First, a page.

This post was originally published at the Legal Executive Institute website, a ThomsonReuters site, on July 29, 2015:

Amidst the head-spinning change and the increased competition that all law firms face today, there is an increased emphasis on—some say a frenzy to—hire the best people. The cost of making a hiring mistake is growing, and the consequences of doing so take effect even sooner than before.

Many law firms are re-examining their approach to talent acquisition, seeking more efficient, accurate and successful methods.

One topic that always comes up, but raises great anxiety in most lawyers, is the use of psychological testing as a pre-employment selection tool. There are a lot of myths and misunderstandings about this topic, and in this post, I’d like to clear things up and explain why testing should be a part of your hiring strategy.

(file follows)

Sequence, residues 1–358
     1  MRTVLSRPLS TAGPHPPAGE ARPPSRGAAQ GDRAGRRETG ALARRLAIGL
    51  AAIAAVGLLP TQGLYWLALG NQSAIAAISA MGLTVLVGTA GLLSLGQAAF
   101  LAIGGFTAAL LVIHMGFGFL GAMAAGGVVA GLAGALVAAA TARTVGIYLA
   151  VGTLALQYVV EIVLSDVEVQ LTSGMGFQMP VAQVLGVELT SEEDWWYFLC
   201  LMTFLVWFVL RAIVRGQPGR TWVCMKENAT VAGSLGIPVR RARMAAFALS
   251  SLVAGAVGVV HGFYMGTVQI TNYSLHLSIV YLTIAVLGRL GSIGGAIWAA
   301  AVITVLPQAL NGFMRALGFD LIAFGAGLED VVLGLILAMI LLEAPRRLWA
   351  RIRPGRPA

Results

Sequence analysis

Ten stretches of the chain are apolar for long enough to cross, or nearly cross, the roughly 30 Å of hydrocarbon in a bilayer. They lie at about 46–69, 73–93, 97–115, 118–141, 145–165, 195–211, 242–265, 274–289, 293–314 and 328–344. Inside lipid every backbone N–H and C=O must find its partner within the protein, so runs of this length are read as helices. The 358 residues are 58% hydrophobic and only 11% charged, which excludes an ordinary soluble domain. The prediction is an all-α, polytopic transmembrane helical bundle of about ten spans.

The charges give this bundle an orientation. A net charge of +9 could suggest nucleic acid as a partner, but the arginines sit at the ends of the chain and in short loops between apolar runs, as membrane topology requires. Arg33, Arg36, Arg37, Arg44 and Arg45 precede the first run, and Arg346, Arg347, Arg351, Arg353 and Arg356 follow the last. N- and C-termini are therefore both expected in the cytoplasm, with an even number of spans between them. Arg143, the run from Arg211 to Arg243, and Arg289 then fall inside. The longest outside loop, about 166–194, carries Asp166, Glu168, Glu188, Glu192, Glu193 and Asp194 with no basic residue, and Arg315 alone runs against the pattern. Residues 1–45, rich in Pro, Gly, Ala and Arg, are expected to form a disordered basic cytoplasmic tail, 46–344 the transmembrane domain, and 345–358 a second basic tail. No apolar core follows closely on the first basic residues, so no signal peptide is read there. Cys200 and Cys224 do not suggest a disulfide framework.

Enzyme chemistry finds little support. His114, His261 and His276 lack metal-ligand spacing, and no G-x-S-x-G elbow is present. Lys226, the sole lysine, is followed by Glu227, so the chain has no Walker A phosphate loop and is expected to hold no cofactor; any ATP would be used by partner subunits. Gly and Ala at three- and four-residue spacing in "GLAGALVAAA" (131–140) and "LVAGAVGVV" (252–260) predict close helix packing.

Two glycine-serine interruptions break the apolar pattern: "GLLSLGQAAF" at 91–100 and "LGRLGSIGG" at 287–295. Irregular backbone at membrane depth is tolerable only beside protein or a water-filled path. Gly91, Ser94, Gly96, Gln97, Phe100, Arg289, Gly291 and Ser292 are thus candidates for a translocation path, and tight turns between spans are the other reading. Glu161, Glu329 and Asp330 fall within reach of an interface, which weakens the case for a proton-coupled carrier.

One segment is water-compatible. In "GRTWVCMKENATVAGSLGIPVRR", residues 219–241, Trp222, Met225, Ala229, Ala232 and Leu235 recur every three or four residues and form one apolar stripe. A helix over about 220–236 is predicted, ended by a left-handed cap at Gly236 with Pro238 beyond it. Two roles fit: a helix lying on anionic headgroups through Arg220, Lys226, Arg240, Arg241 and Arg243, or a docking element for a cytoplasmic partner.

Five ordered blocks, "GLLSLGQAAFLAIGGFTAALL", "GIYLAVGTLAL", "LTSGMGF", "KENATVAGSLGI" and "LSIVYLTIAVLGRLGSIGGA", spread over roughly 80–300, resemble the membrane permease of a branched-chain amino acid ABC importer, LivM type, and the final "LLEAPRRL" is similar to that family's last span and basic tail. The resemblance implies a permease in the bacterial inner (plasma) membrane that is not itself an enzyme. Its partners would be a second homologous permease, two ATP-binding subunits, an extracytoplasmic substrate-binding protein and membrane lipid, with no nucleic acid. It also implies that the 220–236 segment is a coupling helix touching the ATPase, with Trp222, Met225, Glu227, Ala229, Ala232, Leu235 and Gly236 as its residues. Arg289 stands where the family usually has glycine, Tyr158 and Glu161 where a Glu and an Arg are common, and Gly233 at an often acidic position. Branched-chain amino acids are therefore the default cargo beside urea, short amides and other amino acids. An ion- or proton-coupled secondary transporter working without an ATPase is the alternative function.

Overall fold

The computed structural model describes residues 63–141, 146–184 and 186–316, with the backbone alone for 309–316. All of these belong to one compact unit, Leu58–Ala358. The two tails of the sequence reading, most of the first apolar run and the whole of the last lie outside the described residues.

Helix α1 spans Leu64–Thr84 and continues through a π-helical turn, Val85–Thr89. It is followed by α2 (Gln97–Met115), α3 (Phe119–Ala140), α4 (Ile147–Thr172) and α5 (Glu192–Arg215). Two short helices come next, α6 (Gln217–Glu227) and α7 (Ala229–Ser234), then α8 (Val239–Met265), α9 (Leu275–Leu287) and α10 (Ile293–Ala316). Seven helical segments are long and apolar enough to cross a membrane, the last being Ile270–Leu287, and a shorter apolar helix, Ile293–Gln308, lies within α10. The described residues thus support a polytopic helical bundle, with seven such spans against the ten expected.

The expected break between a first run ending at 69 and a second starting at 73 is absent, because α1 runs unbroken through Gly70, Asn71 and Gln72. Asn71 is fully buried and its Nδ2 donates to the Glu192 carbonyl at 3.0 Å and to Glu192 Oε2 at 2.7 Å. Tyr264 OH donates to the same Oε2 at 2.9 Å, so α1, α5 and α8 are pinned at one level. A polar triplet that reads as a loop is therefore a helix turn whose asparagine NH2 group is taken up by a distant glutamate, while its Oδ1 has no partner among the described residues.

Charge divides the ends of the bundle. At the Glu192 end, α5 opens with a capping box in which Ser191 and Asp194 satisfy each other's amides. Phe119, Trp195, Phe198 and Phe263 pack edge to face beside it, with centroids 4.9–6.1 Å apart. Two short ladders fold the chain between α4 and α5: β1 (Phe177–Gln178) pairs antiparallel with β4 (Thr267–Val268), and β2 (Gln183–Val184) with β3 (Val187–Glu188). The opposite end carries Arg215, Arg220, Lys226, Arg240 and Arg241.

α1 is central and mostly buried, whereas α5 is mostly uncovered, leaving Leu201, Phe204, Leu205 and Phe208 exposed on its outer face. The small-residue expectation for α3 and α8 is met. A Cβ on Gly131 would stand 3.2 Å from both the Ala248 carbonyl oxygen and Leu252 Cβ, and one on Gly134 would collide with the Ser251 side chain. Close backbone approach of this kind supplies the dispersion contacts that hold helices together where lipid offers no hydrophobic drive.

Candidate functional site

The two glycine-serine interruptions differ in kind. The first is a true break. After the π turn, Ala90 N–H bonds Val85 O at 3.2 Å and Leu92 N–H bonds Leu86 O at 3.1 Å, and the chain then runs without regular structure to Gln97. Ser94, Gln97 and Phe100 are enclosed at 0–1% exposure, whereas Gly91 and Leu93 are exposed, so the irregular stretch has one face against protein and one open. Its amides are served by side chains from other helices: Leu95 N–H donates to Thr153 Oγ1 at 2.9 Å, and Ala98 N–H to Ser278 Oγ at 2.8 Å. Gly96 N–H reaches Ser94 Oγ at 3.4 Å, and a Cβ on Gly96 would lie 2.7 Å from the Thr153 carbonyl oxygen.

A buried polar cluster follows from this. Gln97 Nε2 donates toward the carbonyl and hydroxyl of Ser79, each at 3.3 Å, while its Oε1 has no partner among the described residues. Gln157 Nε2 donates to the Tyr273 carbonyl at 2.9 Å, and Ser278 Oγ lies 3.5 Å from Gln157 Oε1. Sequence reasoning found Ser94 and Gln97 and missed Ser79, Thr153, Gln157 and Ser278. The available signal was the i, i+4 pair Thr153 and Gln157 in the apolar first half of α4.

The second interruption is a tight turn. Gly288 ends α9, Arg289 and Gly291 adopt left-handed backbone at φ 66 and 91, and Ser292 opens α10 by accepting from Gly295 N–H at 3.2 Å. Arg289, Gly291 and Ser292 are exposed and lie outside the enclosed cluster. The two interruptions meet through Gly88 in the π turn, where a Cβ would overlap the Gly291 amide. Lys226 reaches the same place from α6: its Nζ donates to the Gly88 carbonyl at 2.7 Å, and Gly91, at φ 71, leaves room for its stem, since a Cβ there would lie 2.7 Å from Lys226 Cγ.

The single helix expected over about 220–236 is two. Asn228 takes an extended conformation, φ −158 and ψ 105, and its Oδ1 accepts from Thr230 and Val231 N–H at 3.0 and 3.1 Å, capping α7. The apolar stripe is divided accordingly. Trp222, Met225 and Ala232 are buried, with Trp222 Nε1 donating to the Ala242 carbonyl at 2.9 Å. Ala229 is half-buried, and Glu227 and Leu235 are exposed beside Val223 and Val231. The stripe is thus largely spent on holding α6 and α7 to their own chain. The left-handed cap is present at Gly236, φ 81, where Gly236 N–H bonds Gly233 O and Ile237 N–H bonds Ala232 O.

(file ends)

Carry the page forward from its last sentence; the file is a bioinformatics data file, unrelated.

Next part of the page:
Continue Reading Tea Reading or Testing—What’s the Best Way to Hire?

I’ve been gathering data on lawyers’ personalities since the early 1980’s. Personality traits are typically measured on a percentile scale ranging from zero % to 100%. When large samples of the general public are tested, individuals’ scores on a given trait typically form a classic bell curve, with the mean average for any given trait

This is the time of year when a lot of law firms administer multi-rater feedback surveys—these can include “360-degree feedback” or simply “360’s”, as well as peer reviews and upward evaluation surveys. What they all have in common is that an individual receives feedback from multiple raters.

Multi-rater surveys can accomplish several goals at the